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special super call for module class-level inclusion

 
 
Trans
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      08-28-2007
Since I've come upon the issue again, I reckon, it's as good time as
any to put this in the air.

The issue, again, is that module class methods are not
"inherited" (for lack of a better word). In the past I've argued for
this, but it has been consistently argued down due to the extraneous
methods it would add to classes. However, it occurs to me that the
core problem that I continually face for the lack of this, it simply
that I can't call super in a class level method and expect it to move
through included module methods. The reason this is such a problem, it
that it makes it very difficult to create an "inheriting variable".
This is the reason Facets contains inheritor.rb, but even that is
limited to only simple cases.

To make this clear, here is a simple example of the idea:

class X
include M
def self.foo
[ 'Xfoo' ]
end
end

module M
def self.foo
[ 'Mfoo' ] + super
end
end

class Y < X
include M
def self.foo
[ 'Yfoo' ] + super
end
end

Y.foo #=> [ 'Yfoo', 'Xfoo' ]

As you can see there is no 'Mfoo' in the list.

If your're wondering how this is useful, consider any use-case where
meta-information needs to associated to a method. Just as methods are
inherited so too their meta-information. Possible uses are annotations
and pre, post, around wraps.

So the thought I had today is that rather then full inclusion at the
class-level, that we might simply have an alternate #super call that
would traverse the include modules class methods as well as classes. I
realize that might be tricky to implement, but it would satisfy the
need without all the unwanted baggage.

T.


 
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Daniel DeLorme
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      08-29-2007
Trans wrote:
> The issue, again, is that module class methods are not
> "inherited" (for lack of a better word). In the past I've argued for
> this, but it has been consistently argued down due to the extraneous
> methods it would add to classes. However, it occurs to me that the


IMHO the reason for this problem is that modules serve double duty as
both mixins (instance methods) and namespaces (class methods).

> core problem that I continually face for the lack of this, it simply
> that I can't call super in a class level method and expect it to move
> through included module methods. The reason this is such a problem, it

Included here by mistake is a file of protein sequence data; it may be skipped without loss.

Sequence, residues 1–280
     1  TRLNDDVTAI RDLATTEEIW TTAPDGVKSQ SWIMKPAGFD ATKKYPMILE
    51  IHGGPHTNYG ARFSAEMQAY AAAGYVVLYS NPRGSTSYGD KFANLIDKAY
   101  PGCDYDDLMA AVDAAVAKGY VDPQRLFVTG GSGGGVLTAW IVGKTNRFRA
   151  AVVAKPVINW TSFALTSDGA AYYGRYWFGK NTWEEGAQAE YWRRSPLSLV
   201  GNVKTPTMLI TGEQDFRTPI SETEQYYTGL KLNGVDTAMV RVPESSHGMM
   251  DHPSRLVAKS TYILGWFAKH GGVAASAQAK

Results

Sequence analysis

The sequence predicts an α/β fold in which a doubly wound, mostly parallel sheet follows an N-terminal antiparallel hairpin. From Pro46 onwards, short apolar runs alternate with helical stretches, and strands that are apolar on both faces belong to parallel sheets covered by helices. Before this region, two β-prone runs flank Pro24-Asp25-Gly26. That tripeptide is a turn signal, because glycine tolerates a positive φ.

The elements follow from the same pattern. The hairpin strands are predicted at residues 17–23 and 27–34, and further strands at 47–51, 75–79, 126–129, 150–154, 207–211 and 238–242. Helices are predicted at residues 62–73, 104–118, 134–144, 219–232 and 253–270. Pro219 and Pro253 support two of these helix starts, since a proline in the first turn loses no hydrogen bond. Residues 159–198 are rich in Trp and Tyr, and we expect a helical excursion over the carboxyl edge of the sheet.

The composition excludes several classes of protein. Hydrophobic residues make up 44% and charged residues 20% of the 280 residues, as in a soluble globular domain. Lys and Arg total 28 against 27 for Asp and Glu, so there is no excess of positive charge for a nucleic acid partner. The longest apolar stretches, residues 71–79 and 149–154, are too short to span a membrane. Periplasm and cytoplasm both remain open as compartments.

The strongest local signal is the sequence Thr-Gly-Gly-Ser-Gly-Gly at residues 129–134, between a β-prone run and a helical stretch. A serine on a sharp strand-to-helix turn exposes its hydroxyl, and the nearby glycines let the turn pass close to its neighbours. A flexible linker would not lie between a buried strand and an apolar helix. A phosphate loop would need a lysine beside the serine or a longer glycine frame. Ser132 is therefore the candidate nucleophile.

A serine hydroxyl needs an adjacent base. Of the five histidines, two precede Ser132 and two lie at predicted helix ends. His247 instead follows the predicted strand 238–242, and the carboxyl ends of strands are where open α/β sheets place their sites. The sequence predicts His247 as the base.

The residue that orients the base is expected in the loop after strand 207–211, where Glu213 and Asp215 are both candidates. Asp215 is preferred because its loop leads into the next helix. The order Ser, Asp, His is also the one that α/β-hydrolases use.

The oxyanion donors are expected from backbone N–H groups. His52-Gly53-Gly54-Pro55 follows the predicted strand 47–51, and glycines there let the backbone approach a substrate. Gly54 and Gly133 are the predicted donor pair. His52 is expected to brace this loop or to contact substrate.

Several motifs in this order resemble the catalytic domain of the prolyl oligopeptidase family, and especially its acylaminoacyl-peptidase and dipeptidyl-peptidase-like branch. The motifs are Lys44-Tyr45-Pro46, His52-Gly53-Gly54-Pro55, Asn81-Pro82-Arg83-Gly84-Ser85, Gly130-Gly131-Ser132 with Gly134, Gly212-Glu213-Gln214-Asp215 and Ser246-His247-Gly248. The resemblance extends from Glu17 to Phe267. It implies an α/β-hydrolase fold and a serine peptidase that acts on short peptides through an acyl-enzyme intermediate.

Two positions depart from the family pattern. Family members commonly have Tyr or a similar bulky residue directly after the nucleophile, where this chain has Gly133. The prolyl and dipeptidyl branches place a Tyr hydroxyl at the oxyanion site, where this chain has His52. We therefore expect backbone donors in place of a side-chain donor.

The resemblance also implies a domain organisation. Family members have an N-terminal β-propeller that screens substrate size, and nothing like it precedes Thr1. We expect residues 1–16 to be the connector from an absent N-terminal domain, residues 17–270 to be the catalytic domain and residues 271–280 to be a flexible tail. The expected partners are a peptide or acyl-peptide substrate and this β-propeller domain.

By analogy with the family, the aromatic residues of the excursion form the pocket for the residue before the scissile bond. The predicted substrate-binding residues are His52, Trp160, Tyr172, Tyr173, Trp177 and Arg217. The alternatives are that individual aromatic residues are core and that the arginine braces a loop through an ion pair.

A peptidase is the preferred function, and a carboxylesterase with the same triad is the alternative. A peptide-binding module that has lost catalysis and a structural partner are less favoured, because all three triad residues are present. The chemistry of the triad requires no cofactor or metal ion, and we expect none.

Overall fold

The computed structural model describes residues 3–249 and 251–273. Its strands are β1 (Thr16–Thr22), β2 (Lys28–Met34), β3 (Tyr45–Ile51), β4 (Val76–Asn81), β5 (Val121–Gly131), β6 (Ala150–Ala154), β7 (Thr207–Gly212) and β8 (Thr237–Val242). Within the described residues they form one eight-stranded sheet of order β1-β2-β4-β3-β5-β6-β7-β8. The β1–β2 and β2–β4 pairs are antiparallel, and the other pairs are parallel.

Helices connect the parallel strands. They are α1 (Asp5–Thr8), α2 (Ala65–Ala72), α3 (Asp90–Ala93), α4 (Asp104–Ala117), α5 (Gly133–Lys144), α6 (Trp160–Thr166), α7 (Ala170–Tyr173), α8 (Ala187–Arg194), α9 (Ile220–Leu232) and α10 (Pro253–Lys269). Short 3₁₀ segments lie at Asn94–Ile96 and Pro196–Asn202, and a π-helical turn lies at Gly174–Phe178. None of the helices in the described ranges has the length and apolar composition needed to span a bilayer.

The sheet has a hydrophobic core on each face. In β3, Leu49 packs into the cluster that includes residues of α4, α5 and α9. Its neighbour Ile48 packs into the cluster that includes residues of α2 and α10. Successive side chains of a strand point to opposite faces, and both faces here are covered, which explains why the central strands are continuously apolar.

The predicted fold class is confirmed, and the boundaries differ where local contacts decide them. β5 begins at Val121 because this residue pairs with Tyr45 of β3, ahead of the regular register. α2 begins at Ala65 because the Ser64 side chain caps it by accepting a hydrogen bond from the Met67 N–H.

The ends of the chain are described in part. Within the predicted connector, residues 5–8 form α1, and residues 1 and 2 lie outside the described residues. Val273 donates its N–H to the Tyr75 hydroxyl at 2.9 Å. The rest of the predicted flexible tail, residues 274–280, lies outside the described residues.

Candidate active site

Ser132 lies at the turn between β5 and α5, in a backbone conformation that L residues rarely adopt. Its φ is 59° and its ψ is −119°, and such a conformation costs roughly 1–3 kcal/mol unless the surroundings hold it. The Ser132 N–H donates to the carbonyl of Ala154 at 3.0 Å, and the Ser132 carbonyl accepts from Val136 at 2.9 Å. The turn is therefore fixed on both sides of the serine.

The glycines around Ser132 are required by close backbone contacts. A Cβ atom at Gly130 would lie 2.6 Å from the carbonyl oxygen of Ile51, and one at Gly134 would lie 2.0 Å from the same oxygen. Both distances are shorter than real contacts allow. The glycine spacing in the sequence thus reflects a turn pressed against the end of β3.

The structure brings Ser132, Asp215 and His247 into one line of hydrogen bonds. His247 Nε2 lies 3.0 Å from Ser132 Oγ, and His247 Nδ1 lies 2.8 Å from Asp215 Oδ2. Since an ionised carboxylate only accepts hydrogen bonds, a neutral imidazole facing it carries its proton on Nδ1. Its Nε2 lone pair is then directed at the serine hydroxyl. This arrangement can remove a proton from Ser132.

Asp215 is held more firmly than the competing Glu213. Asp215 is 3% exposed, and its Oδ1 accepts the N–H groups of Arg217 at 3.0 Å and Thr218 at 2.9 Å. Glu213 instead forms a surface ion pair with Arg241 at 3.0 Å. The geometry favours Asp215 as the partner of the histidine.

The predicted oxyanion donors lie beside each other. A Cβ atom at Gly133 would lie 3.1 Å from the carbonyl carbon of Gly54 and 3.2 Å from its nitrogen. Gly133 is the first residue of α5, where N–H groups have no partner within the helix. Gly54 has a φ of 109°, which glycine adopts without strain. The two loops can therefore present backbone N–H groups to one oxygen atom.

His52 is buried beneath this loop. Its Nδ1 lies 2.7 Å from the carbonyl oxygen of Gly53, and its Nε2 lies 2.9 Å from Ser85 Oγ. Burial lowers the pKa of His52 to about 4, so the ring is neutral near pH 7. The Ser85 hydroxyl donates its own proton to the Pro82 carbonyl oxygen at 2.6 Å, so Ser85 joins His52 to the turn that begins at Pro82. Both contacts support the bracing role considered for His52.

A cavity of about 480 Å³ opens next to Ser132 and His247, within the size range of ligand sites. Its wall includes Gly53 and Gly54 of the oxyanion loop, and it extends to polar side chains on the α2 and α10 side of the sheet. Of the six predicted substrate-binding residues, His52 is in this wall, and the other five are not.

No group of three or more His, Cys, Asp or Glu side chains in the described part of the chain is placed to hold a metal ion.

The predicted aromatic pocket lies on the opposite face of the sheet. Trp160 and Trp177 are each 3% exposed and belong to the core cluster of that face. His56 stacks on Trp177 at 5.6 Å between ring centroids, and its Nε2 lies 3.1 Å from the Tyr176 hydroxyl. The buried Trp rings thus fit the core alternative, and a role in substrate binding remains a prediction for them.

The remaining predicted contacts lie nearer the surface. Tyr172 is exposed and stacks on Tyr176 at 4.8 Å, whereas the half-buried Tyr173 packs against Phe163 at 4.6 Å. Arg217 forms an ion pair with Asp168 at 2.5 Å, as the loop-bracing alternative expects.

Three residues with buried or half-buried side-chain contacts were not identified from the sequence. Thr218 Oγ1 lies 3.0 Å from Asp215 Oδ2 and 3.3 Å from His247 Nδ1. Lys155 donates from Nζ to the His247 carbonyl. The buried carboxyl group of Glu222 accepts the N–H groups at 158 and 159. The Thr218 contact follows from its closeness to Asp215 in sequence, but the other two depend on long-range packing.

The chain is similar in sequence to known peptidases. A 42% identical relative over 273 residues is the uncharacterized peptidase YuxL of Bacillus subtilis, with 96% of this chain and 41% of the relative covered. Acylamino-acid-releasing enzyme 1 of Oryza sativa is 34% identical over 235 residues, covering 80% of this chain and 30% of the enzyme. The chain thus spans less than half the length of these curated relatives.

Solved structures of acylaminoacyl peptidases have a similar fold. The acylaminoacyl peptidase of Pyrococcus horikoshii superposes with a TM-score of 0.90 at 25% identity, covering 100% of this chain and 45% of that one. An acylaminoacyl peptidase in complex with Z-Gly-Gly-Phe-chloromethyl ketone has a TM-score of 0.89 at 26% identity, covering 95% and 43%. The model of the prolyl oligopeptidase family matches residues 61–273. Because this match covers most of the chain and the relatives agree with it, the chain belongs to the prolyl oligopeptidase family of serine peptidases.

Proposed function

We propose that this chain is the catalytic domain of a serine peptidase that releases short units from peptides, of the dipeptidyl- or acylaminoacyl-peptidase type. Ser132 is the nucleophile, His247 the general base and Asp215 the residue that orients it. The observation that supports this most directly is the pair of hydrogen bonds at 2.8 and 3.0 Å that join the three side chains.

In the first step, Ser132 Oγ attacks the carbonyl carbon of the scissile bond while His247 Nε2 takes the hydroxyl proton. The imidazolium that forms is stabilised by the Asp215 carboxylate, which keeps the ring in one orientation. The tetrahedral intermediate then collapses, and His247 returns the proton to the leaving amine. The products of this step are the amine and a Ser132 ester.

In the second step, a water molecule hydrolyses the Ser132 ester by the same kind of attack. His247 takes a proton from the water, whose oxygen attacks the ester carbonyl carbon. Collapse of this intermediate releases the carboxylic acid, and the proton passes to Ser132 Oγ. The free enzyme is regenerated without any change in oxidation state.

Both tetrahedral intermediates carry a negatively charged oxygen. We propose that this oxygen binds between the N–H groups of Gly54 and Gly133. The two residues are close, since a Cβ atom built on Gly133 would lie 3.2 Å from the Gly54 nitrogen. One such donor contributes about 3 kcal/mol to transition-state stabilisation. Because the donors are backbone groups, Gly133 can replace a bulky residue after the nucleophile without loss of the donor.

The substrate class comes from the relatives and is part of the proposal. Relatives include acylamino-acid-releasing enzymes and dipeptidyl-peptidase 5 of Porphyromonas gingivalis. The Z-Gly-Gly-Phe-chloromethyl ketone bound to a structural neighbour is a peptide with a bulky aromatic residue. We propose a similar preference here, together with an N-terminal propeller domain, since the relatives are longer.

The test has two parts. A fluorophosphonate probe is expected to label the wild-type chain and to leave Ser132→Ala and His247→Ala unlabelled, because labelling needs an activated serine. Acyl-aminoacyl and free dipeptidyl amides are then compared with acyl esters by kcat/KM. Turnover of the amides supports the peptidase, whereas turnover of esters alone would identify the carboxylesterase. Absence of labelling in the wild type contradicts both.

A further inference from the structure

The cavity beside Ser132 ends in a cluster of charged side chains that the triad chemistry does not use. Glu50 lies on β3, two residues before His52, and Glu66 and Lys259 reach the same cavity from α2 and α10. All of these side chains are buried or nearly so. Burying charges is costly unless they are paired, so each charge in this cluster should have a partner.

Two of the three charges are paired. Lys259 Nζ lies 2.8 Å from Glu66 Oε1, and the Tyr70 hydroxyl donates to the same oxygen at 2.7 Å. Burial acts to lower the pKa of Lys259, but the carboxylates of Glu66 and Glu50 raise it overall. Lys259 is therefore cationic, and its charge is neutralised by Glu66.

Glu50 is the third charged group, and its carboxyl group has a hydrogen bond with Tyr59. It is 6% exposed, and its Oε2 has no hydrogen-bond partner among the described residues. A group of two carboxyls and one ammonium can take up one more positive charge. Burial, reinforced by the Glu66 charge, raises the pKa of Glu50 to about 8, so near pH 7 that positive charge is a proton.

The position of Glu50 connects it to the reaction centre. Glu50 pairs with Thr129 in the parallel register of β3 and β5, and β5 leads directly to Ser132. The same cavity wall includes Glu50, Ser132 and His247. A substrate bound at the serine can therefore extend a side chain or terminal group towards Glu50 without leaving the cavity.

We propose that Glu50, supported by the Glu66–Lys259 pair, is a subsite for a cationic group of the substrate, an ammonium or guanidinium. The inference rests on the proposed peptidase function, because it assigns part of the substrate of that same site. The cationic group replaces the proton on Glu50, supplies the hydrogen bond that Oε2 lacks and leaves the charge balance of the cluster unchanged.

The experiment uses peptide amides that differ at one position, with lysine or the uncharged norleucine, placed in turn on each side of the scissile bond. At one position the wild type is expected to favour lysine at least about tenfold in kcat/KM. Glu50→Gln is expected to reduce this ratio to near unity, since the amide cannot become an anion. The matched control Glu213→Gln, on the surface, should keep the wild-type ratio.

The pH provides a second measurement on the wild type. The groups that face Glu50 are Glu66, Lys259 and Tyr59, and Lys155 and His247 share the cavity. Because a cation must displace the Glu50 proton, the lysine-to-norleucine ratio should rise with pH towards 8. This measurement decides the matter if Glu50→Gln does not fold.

> that it makes it very difficult to create an "inheriting variable".
> This is the reason Facets contains inheritor.rb, but even that is
> limited to only simple cases.


The problem piqued my interest so despite my best attempts at
self-control I wound up writing code for it :-/

class Module
attr_accessor :class_methods_module
def class_methods(&block)
self.class_methods_module ||= begin
mod = Module.new
core = (class << self; self; end)
prev = core.method(:included)
core.send(:define_method, :included) do |into_class|
prev.call(into_class)
into_class.extend(mod)
end
mod
end
class_methods_module.class_eval(&block)
end
end

class Class
def class_methods(&block)
instance_eval(&block)
end
end

module M
def a;"Ma";end
class_methods do
def b;"Mb";end
end
end

class C
include M
def a;"Ca"+super;end
class_methods do
def b;"Cb"+super;end
end
end

puts C.new.a #=> CaMa
puts C.b #=> CbMb

 
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Trans
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      08-31-2007


On Aug 29, 4:58 pm, Daniel DeLorme <(E-Mail Removed)> wrote:

> The problem piqued my interest so despite my best attempts at
> self-control I wound up writing code for it :-/
>
> class Module
> attr_accessor :class_methods_module
> def class_methods(&block)
> self.class_methods_module ||= begin
> mod = Module.new
> core = (class << self; self; end)
> prev = core.method(:included)
> core.send(:define_method, :included) do |into_class|
> prev.call(into_class)
> into_class.extend(mod)
> end
> mod
> end
> class_methods_module.class_eval(&block)
> end
> end
>
> class Class
> def class_methods(&block)
> instance_eval(&block)
> end
> end


Nice work! That's not the easiest piece of meta-code to write. But has
been touched on before. Facets has had a version of this for a while
now, used extensively by Nitro/Og, written primarily by Daniel
Schierbeck. It looks like this:

class Module


alias_method :append_features_without_class_extension, :append_features

def class_extension(&block)
@class_extension ||= Module.new do
def self.append_features(mod)
append_features_without_class_extension(mod)
end
end
@class_extension.module_eval(&block) if block_given?
@class_extension
end

private :class_extension

def append_features(mod)
append_features_without_class_extension(mod)
mod.extend(class_extension)
if mod.instance_of? Module
mod.__send__(:class_extension).__send__(:include,
class_extension)
end
end

end

class Class
undef_method :class_extension
end

Your definition of Class's method is an interesting idea and may make
a good adjustment Facets' undef_method.

On the downside, this approach doesn't RDoc well --actually it doesn't
RDOc at all. Also, many people seem put off by the general aesthetic
of it too.

As of late I've been leaning toward the idea of the old ClassMethods
module solution, but modifying #include (or a similar new method) to
handle the extension rather than using the included callback.
(Personally, I'd also prefer a better name than ClassMethods, but
that's of minor consequence).

T.


 
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